There are no heroes in a government shutdown.
No bravery involved. No courage.
The pitiful display we saw this weekend may have been cloaked in the language of a virtuous stand, but the men and women who talked of themselves like they are heroes for shutting down state government surely aren’t.
Early in the morning on July 4, the governor finally signed a budget, ending the shutdown, which began after midnight on Saturday.
The turmoil that had been created was purposeful and vindictive. It was not about building our state up or improving the lives of its people. It was about beating a political foe and exacting some level of vengeance for hurt feelings.
It was about a picture with the governor, late at night, declaring victory. Little else.
Truth be told, the Republicans had achieved their highest priority in negotiations before the shutdown. They had successfully rolled back taxes on the state’s wealthiest. They had already won the biggest fight.
On her Facebook page, Republican Rep. Paula Sutton made clear the delusion.
“When no one else is defending the sleeping, unsuspecting taxpayer … when no one else stands up for those that languish on social service waitlists … when no one else is willing to stand their ground …”
And on and on and on she went, apparently bemused by her own rhetoric and misplaced sense of bravery and valor. Her language: defending against union bosses; the enemy who “give a damn.”
Near the end: “We, alone, have the courage and the determination to do right by those who are defenseless, if not for us.”
Are you kidding me? House Republicans weren’t fighting for the defenseless. They were fighting for people who make more than $200,000 a year and who stay in hotels.
The budget stand off – at least on paper – was a fight over tax policy. Initially, the standoff was about repealing the voter-approved surcharge on annual income over $200,000, which would have generated more than $300 million for schools over the next two years.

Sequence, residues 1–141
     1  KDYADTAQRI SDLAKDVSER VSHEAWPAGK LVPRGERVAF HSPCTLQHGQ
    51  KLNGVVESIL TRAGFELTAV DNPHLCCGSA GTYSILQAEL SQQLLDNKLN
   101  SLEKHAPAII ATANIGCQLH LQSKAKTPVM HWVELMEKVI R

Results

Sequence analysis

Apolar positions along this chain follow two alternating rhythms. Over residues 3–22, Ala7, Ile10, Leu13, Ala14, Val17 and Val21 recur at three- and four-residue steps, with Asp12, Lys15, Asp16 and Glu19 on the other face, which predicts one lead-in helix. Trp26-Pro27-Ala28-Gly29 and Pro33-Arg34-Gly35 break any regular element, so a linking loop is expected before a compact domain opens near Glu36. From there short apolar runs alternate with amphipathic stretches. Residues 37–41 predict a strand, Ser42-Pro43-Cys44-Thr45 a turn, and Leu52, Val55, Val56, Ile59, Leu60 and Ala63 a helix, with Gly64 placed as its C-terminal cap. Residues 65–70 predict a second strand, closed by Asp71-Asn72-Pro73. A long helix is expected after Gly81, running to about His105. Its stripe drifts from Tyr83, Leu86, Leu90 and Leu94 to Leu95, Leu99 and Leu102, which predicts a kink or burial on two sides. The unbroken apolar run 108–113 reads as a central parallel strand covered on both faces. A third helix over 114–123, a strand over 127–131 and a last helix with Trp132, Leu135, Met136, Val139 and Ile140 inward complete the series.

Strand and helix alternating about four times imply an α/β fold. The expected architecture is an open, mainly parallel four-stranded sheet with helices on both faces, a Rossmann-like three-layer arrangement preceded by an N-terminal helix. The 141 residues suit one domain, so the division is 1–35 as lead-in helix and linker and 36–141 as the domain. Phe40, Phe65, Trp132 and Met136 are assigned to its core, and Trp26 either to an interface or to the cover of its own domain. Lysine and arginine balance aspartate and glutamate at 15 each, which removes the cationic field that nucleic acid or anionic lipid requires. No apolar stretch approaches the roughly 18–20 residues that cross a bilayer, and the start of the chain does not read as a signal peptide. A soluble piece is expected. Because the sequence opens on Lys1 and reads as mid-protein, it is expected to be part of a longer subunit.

Then it shifted to a fight over a small increase in the lodging tax. State government was shut down by House Republican Leader Ken Fredette and Gov. Paul LePage over a small tax that is mostly paid by tourists.
A tax that Sen. Troy Jackson offered to eliminate on Friday, before the shutdown.
A tax that the governor had supported as recently as January, when he proposed a similar increase.
The entire ordeal was unnecessary. In Sutton’s own words, it was about showing that House Republicans “are relevant … and that the Governor matters.”
In his press release about the ultimate budget deal, LePage thanked House Republicans for “standing strong.”
Real leaders don’t so willingly sacrifice the well-being of others.
By coincidence of timing, the rhetoric of House Republicans on the anniversary of the Battle of Gettysburg, is just too much to take.
During the Battle of Gettysburg in 1863, soldiers from the 20th Maine, under the command of Col. Joshua Chamberlain, were ordered to hold the Union Army’s left flank. Their gallantry saved the battle and likely the Union itself.
Leading up to the fight, the remnants of the 2nd Maine were assigned to Chamberlain’s command. The 2nd Maine had splintered. Part of the unit had been allowed to go home after two years of fighting. Others were required to serve an additional year.
According to the Civil War Trust’s account, the men from the 2nd were refusing to fight, and Chamberlain had orders to shoot them if their mutiny continued.
A Brewer boy unwilling to turn his fire on his fellow Mainers, Chamberlain instead found a way to integrate the battle-hardened men into the 20th, promoting one to color sergeant, a position of honor responsible for carrying the flag into battle.
Color Sgt. Andrew J. Tozier of the 2nd Maine may have single-handedly saved the battle and prevented the collapse of the Union lines.
Under withering fire and an attack from Confederate soldiers from Alabama, Tozier stood upright and strong in the middle of line, bullets flying all around, rallying soldiers to hold. The line held.
Tozier was later awarded the Medal of Honor for his gallantry. Without his willingness to stand upright in the line of fire, Chamberlain might never have had the chance to give his famous order, “Bayonets.”
One hundred and fifty-four years after the Battle of Gettysburg, we still remember and honor the names of the men of the 20th Maine. They truly stood as the last line of defense, a few charged to protect the fate of many at all costs.
House Republicans and the governor will be remembered for shutting down the state government for a penny and a half increase on the lodging tax, if they are remembered at all.